Finlandia Hall (Finlandiatalo)
Aalto’s plan for Helsinki included a grand square and avenue flanked by cultural buildings, including the Parliament House, which was first thought of by Eliel Saarinen in 1917 when Finland became independent of Russia. In 1961 Aalto, who is sometimes called the Father of Modernism across Scandinavia, drew up plans for a grand center in Helsinki, and he continued to modify them in 1964 and 1971. Finlandia Hall was built between 1967 and 1972, with the Congress Wing following in 1975. The building shows many of Aalto’s signature touches, such as few right angles, design around existing trees, and the use of Italian marble and Finnish granite.
The building is open to the public only via guided tour and during events. Consider the art and backstage tour, on which you can learn more about the hall’s works of art. Walking tours of Helsinki typically pass by the venue but don’t always offer inside access.
Things to Know Before You Go
Finlandia Hall is a must-see for architecture enthusiasts and first-time visitors to Helsinki.
The city plans to renovate Finlandia Hall starting in 2021, but the venue should operate normally during this time.
The hall’s Café Veranda is open on weekdays and two hours before concerts begin.
The art gallery is free and open to the public.
All of Finlandia Hall’s floors are accessible to wheelchair users. Loaner wheelchairs are available at the service desk.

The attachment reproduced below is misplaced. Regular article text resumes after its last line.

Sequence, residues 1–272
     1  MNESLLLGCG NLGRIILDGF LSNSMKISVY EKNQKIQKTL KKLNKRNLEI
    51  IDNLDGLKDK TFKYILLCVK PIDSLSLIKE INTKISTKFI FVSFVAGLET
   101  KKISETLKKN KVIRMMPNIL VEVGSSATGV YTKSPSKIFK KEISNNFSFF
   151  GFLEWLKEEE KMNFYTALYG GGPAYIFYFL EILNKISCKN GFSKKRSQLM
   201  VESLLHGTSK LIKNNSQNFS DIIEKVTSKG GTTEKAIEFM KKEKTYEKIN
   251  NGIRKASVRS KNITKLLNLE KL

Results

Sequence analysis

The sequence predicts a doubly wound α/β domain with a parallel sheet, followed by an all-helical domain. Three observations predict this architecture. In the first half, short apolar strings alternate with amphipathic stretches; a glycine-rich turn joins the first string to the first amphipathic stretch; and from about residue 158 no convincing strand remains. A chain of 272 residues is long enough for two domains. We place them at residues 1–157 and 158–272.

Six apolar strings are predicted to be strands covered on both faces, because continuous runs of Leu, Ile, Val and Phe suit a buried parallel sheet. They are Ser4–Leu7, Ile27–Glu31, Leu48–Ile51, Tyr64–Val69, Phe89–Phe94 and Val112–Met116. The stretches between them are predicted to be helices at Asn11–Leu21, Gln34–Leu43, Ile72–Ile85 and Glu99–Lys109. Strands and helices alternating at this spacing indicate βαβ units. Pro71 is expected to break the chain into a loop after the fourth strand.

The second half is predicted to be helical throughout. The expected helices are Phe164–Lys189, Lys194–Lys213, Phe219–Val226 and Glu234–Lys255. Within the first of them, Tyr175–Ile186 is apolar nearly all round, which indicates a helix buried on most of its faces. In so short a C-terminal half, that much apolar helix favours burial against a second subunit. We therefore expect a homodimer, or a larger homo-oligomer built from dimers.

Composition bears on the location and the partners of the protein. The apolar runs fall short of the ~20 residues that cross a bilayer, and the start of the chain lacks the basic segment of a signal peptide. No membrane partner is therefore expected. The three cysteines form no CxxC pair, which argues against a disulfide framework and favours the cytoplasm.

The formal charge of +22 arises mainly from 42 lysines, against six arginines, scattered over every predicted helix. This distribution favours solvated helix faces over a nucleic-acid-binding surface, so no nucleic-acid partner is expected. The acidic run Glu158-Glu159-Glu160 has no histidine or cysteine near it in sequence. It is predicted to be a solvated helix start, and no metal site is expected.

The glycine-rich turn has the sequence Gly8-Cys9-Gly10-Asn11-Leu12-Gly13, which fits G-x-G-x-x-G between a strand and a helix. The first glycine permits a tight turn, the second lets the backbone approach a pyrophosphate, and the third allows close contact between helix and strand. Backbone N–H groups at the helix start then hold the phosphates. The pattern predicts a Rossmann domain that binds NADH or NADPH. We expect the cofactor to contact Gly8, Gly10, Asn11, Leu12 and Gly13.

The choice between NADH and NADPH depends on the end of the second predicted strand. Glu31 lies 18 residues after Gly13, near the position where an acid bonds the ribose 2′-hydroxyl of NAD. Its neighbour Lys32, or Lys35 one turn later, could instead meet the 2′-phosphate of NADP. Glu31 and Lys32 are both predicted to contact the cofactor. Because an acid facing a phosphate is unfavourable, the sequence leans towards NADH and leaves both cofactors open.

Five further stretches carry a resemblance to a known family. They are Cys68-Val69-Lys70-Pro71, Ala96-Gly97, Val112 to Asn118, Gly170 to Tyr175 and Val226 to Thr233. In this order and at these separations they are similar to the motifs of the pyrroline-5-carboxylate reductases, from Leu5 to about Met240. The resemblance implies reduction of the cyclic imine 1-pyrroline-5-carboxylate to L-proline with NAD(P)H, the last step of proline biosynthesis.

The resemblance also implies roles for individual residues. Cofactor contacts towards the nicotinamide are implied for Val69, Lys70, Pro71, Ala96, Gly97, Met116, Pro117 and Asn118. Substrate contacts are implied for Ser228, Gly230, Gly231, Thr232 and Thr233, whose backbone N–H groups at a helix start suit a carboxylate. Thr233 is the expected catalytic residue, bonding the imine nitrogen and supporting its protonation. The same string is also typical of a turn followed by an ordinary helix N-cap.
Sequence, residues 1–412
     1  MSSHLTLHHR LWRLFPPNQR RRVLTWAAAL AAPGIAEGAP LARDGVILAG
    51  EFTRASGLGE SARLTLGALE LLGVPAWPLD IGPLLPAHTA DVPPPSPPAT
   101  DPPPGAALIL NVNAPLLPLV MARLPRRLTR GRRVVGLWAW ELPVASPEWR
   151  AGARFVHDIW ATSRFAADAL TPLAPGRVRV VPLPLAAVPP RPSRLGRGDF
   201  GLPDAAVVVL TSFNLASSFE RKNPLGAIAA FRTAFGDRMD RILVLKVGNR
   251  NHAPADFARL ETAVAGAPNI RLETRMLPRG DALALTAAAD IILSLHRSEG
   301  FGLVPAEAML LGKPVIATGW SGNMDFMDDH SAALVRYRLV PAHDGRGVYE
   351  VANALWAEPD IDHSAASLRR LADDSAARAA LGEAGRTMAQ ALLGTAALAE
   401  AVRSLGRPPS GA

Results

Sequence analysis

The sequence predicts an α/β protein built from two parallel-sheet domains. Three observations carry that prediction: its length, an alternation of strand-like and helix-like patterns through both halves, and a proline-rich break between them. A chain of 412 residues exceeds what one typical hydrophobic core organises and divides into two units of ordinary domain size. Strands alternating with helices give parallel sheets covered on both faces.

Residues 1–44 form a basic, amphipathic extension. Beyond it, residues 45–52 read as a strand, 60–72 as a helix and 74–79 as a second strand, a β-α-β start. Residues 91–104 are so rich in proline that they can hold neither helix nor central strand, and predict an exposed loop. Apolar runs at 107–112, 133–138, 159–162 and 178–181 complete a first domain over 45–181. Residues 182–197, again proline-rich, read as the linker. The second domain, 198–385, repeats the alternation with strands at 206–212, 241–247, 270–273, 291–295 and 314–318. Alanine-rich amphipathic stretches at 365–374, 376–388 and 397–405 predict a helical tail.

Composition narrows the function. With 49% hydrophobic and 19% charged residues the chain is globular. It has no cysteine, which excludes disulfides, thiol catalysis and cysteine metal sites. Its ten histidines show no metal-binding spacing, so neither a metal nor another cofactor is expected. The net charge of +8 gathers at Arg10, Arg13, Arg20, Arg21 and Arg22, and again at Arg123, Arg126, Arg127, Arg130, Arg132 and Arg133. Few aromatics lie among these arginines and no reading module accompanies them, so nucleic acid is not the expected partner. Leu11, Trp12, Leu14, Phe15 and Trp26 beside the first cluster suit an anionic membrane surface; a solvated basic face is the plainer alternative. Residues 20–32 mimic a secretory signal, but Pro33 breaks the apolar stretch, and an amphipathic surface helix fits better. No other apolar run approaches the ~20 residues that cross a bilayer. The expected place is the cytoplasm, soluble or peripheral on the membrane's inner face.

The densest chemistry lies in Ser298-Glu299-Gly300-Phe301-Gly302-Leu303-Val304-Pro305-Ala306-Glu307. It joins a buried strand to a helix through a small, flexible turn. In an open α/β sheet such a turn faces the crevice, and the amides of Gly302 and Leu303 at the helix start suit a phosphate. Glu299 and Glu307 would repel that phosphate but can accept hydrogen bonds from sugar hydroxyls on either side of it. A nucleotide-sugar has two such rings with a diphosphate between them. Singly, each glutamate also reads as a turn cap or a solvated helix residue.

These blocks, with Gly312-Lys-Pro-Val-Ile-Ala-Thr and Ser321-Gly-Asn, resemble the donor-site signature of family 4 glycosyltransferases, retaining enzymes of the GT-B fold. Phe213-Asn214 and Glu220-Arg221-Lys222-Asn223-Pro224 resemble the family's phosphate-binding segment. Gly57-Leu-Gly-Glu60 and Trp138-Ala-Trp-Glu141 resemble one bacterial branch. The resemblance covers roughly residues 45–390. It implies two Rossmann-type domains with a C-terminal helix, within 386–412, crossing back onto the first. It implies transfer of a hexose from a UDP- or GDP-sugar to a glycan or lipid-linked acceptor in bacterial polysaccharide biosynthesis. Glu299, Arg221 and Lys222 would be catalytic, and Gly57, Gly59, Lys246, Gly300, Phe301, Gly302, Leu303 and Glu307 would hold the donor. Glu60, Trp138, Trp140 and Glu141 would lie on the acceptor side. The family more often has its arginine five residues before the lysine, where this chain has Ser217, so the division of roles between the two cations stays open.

How to Get There
Finlandia Hall is located on Töölönlahti Bay, close to the Parliament House, Finnish National Opera and Ballet, and Helsinki Music Center. Main bus and railway stations are within walking distance. Grab tram 4, 7, or 10 and get off at the stop for the National Museum. There’s also a taxi stand outside the hall.
When to Get There
There is no permanent schedule for guided tours, so check the Finlandia Hall website for current information on dates and times. Performances and shows, featuring everyone from drag queens to symphony orchestras, are held throughout the year; the event schedule is online as well.
Helsinki Lutheran Cathedral
Another popular architectural attraction, the neoclassical-style Helsinki Lutheran Cathedral, which was designed by German architect Carl Ludwig Engel, features zinc rooftop statues of the Twelve Apostles, green domes, and a stark white exterior. It’s about a 10-minute drive or a 20-minute walk from Finlandia Hall, and is accessible by public transportation.
- National Museum of Finland (Suomen Kansallismuseo)
- Helsinki Music Centre (Musiikkitalo)
- Parliament House of Finland (Eduskuntatalo)
- Museum of Contemporary Art Kiasma
- Rock Church (Temppeliaukio Kirkko)
- Amos Rex
- HAM Helsinki Art Museum
- Helsinki Central Station
- Tennis Palace (Tennispalatsi)
- Ateneum Art Museum (Konstmuseet Ateneum)
- Helsinki Swedish Theatre
- Port of Helsinki
- Helsinki Cathedral (Tuomiokirkko)
- Helsinki Senate Square (Senaatintori)
- Café Ursula